Jodhaa Akbar Soundtrack

A.R.Rahman isn’t new to historical or period films. A.R.Rahman, who always wants to experiment with new sounds, is keen to compose music for such historical movies without any constraints on choice of instruments and sounds, for the sake of authenticity to the period. So, considering ‘Jodhaa Akbar’ being a film set in the Mughal period, if you expect some simple, classically inclined music like that of Naushad’s score for Taj Mahal or Mughal-E-Azam, you are bound to be disappointed or surprised depending upon the openness of your mind.

No matter, whether the lovers are from 18th century or 21st century, the emotions are same and Rahman takes this logic as a token for his freedom to do whatever he wants. He restricts only when it is utmost necessary and otherwise lets his creativity flow infinitely in this soundtrack. But the good thing about Rahman is that even with all liberties, he never goes overboard or weird or make it sound so alien to the movie’s setup to prove his experimentation skills. The songs are an eclectic mix of Javed Akthar's beautiful poetry, contemporary sounds, traditional instruments, classical melodies and western classical orchestration.

“Azeem-O-Shahenshah” is a majestic song with every beat and its thump singing the praise of the shahenshah and comes out proving that Rahman is the real Shahenshah when it comes to matching the visual grandeur with his music. The solo horn piece, majestic lines, the soulful chorus, varied percussions, and extremely catchy phrases of melody, and above all the sound of Rahman that it creates when all those elements come together makes this an instantly likeable track.

“Jashn-E-Bahaara” is a breezy romantic melody without much of complexities in its structure like other songs. The simple melody with Javed Ali’s velvety rendition sounds heavenly. There are not too many layers of instruments running in the background and the melody just unfolds with effective chords and instrument sounds are just sprinkled into the song to create a pleasant ambience around the melody.

“In Lamhon ke daaman” is highly unpredictable and goes through a lot of variations. It alternates between a soothing melody and an alluring crescendo of chorus and the transition is effectively seamless and gives us a lot of goose-bump moments in the song. Especially when it returns to the main melody after a high decibel crescendo, the feeling you get cannot be expressed in words. The melody sounds serene on divine vocals of Sonu nigam. The strains of Santoor and Sitar sprinkled throughout the track tries to keep the song grounded to the sound of period and its musical tradition.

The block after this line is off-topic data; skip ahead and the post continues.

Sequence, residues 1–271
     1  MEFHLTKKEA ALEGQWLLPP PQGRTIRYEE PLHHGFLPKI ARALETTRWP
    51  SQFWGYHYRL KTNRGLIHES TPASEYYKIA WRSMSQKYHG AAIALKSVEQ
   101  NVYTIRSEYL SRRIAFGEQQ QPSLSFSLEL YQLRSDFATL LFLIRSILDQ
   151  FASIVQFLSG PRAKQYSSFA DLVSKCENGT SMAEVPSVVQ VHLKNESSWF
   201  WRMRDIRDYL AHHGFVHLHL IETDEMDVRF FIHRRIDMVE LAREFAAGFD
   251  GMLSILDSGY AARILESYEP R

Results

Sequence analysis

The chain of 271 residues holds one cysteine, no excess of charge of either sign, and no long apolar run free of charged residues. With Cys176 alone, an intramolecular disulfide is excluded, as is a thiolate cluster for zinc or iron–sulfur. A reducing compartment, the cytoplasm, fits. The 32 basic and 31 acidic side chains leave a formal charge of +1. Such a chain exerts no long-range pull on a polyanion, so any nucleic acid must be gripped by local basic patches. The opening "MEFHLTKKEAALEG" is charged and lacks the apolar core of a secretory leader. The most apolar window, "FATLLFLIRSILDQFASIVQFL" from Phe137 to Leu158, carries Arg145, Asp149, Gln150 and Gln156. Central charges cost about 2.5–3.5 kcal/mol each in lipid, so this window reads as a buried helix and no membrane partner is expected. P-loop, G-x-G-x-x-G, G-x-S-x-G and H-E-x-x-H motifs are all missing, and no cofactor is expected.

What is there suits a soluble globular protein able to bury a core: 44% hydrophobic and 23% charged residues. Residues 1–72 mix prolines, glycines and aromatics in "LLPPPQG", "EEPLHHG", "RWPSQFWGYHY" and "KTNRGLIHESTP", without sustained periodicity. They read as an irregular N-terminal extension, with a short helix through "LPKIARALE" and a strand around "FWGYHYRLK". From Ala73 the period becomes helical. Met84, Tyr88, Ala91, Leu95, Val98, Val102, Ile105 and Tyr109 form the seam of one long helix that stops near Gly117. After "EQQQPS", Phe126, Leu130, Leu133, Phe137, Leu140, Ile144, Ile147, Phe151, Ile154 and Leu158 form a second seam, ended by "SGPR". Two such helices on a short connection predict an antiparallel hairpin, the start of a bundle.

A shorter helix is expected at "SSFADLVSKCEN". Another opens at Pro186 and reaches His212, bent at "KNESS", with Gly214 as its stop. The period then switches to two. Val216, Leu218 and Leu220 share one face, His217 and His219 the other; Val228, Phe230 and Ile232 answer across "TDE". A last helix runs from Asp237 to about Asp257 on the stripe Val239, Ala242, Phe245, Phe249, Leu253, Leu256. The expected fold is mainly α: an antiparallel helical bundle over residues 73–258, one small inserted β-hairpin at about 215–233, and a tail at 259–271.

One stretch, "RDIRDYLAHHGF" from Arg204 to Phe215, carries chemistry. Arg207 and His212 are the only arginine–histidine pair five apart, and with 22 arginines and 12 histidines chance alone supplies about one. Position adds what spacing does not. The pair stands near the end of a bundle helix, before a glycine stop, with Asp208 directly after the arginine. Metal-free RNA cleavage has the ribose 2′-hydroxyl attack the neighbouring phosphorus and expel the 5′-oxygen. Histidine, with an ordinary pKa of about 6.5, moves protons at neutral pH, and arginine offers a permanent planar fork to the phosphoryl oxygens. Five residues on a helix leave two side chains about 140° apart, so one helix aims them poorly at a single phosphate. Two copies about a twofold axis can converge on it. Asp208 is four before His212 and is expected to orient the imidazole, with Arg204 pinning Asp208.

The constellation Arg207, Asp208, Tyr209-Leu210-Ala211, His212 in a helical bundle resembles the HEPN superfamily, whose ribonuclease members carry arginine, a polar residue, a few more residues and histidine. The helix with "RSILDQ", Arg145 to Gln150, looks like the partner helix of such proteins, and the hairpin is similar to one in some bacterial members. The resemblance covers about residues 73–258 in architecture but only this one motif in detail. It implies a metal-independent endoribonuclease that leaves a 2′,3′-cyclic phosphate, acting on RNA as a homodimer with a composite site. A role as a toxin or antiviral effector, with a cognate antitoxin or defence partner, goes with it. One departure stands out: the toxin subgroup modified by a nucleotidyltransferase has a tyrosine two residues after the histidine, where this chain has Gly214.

“Khwaja Mere Khwaja” is another typical Rahman’s catchy qawwali number with indispensable multi layered vocals, bass lines, Tabla and additional fresh rhythm layers. It takes sometime for the flow of the melody to sink in but it sure does after 2 or 3 listening. Rahman’s rendition is little different and tends to be more spiritual.

“Mann Mohana” though starts like a typical bhajan, gets richer in orchestration in the interludes and flute flourishes adds a mystic flavour to the song. The song sounds really too long, tedious and boring on first listening, but once we get acquainted with the turns in the phrases of the melody, it is likeable.

The instrumentals are not the usual ones we get to hear in every other soundtrack. It seems that Rahman has taken a lot care to make us hear the instrumentals, without skipping it. Navin’s flute traverses those extra octaves which we don’t hear in the vocal version. And to avoid being repetitive, the first part of the song is played on a huskier bass flute and the second part is performed with a saccharine high pitched flute. Even if this track comes immediately after the vocal version, you won’t feel like skipping it.

No one could have thought of a song like ‘Khwaja mere Khwaja’ being performed with a western classical orchestra. With Harp replacing the Tabla rhythm and strings adding an emotional depth, Oboe dominates the song playing the lead melody. The instrumental of ‘Khwaja Mere Khwaja’ is just an out of the world idea and composition.

So the final verdict is that Jodhaa Akbar music is not a wannabe classic, its gonnabe a classic.

PS: If you are a diehard Lagaan fan, you may also be interested in reading ’Listening Lagaan’.


Listening Lagaan

This is something I have been thinking to write for more than one year. And finally I found time and patience to write it. An analysis on Rahman's background score for Lagaan (with 40 BGM clips).


Jodha Akbhar Songs

The official audio release of eagerly awaited 'Jodhaa Akbar' is scheduled for tomorrow. While the audio release has been postponed so many times, it seems that it would finally hit the market within this week. Two of the songs are already out on FM and expectedly both the songs are very good. Listen Jashan-e-bahaara and Azeem-o-shahenshah


New Year 2008

Wish you all a Peaceful and Musical New Year